Uganda, South Sudan commit to end transboundary diseases

Trucks park at the Oraba border point in Koboko. Across the valley is Kaya town in South Sudan. PHOTO | FELIX WAROM OKELLO

What you need to know:

  • The agreement aims at improving collaboration on cross-border surveillance and response against notifiable diseases in humans and animals.

The government has signed an agreement with the neighbouring South Sudan and the DR Congo to prevent and control transboundary diseases. 

The cross-border pact is expected to strengthen coordination and communication on threats to public health and response to epidemics, among the three countries. 

The pact was signed in Gulu City last Thursday after three days of deliberations held between July 2 and 4. 

Uganda was represented by Mr Emmanuel Turyatunga, the commissioner for global health security in the Office of the Prime Minister, Dr Michael Mwanga, the assistant commissioner for surveillance at the Ministry of Health, and Mr Emmy Mitala, the Resident District Commissioner for Koboko District. 

The Republic of South Sudan was represented by Dr Joseph Lasu, the director of emergency preparedness and responses and Dr Angelo Goup Thon Kouch, the director of health security and emergency workforce development.

The cross-border deal will facilitate establishing a multilateral framework for surveillance information sharing and response, conduct joint planning, implement and monitor animal and human health at all formal and informal entry points. 

Dr Mwanga said: “We want to make sure that the cross-border zone is very vibrant and they should be having their meetings every month. We shall be able to collaborate better and share our data with the neighbouring countries, accordingly as per our laws so that there is no export or import of disease across borders.’’ 

Mr Patrick Louis Lamot, the cross-border health coordinator at elegu point, said: “We anticipate improved communication, coordination, and timely reporting of diseases, enhanced disease surveillance, detection, notification, and management of diseases, and joint problem solving within our common borders.’’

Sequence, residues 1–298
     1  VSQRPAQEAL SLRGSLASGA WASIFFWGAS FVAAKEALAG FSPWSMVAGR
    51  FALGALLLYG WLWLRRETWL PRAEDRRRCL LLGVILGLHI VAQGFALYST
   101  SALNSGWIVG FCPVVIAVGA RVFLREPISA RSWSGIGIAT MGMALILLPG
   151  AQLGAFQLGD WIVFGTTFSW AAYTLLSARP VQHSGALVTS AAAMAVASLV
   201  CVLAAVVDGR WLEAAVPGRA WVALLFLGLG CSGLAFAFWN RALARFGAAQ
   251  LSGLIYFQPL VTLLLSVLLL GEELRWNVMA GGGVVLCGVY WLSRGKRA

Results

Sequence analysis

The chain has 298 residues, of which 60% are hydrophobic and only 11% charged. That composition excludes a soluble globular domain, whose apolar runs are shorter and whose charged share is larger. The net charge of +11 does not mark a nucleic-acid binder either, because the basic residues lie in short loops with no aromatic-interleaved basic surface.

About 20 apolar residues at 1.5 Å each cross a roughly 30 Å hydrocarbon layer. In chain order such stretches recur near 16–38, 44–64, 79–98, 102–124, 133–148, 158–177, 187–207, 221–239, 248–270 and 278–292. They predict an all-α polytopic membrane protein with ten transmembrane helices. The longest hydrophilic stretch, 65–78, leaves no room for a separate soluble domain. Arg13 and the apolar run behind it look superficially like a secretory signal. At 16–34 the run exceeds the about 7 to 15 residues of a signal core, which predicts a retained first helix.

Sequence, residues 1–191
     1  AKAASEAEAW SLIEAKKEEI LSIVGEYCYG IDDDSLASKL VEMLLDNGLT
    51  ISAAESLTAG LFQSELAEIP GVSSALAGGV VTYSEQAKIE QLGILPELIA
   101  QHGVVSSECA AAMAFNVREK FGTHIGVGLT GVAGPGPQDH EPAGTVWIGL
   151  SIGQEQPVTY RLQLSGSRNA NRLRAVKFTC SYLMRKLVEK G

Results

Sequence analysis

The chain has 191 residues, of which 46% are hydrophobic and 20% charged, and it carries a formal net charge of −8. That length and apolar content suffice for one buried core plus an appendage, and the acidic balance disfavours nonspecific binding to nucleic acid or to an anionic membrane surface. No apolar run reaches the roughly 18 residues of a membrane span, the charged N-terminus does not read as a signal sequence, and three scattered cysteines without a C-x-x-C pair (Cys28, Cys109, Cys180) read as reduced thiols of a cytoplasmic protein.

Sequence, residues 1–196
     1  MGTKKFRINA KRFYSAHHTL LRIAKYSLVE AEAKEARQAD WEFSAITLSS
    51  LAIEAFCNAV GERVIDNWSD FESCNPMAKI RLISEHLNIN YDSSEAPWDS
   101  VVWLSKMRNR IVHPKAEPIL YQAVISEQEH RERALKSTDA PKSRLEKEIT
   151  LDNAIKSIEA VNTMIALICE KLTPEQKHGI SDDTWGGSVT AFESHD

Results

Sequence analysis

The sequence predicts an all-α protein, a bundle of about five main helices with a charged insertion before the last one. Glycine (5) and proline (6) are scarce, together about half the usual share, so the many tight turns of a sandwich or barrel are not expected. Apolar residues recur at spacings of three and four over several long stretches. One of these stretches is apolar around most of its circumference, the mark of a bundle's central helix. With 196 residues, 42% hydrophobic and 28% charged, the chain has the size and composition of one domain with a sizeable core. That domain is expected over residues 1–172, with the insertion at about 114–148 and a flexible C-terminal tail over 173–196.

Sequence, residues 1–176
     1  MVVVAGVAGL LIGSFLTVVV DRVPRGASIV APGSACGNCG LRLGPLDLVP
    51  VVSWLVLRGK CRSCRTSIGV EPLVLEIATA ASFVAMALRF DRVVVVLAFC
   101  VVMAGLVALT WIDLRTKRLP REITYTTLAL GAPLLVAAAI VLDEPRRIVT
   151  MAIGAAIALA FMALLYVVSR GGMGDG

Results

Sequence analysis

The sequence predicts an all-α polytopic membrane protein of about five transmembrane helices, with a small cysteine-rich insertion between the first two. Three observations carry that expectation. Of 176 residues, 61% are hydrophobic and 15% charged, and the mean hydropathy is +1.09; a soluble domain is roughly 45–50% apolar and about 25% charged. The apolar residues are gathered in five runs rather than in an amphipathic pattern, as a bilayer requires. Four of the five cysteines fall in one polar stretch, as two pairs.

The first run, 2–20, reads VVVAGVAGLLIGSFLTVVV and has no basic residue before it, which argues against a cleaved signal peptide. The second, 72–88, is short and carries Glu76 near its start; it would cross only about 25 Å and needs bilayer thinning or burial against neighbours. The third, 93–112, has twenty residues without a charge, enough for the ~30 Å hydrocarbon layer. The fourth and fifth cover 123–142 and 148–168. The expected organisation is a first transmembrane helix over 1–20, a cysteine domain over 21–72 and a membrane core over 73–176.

Dr Lasu said: “Articles 21 and 57 of the International Health Regulations mandate all countries to have cross-border collaborations to ensure that we control and prevent disease spillovers to each of the member states. So, we as South Sudan look to a more strengthened collaboration between the countries of Uganda, South Sudan, the DR Congo, and other neighbouring countries to us.’’ 

Mr Mitala emphasised the need for peaceful coexistence so that the goal of the agreement is achieved. 

Dr Mwanga said the country has been facing disease spillovers, including yellow fever, measles, and cholera from the neighbouring DR Congo and South Sudan.


The countries also developed an Eleven-Action Point Strategy to mitigate the long history of infectious disease outbreaks rising from massive population movements. 

The move will see the establishment of a health operational mechanism at all points of entry, plan for regular refresher training at the common borders, strengthen screening of people and travellers, an inspection of animals, conveyances, and cargo crossing the border to prevent export and importation of transboundary diseases. 

The engagement was supported by the World Health Organisation (WHO), the CORE Group Partners Project, and Baylor Foundation Uganda. The solutions will be implemented as specified by the International Health Regulations of 2005.